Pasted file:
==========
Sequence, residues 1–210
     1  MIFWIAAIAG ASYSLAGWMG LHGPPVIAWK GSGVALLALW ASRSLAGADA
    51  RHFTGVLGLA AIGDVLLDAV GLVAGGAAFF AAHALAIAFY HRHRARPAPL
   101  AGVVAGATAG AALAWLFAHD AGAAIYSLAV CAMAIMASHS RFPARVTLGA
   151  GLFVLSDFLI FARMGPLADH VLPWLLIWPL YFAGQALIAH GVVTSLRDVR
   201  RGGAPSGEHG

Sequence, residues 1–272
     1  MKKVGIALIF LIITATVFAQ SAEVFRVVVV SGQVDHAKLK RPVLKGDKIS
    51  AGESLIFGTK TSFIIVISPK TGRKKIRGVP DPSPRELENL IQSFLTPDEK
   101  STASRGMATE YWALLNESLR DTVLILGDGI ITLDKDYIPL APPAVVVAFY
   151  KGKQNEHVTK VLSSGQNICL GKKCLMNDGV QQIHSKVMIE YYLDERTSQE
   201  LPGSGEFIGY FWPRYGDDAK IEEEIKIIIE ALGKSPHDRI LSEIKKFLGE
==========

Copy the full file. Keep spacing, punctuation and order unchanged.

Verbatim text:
Sequence, residues 1–210
     1  MIFWIAAIAG ASYSLAGWMG LHGPPVIAWK GSGVALLALW ASRSLAGADA
    51  RHFTGVLGLA AIGDVLLDAV GLVAGGAAFF AAHALAIAFY HRHRARPAPL
   101  AGVVAGATAG AALAWLFAHD AGAAIYSLAV CAMAIMASHS RFPARVTLGA
   151  GLFVLSDFLI FARMGPLADH VLPWLLIWPL YFAGQALIAH GVVTSLRDVR
   201  RGGAPSGEHG

Sequence, residues 1–272
     1  MKKVGIALIF LIITATVFAQ SAEVFRVVVV SGQVDHAKLK RPVLKGDKIS
    51  AGESLIFGTK TSFIIVISPK TGRKKIRGVP DPSPRELENL IQSFLTPDEK
   101  STASRGMATE YWALLNESLR DTVLILGDGI ITLDKDYIPL APPAVVVAFY
   151  KGKQNEHVTK VLSSGQNICL GKKCLMNDGV QQIHSKVMIE YYLDERTSQE
   201  LPGSGEFIGY FWPRYGDDAK IEEEIKIIIE ALGKSPHDRI LSEIKKFLGE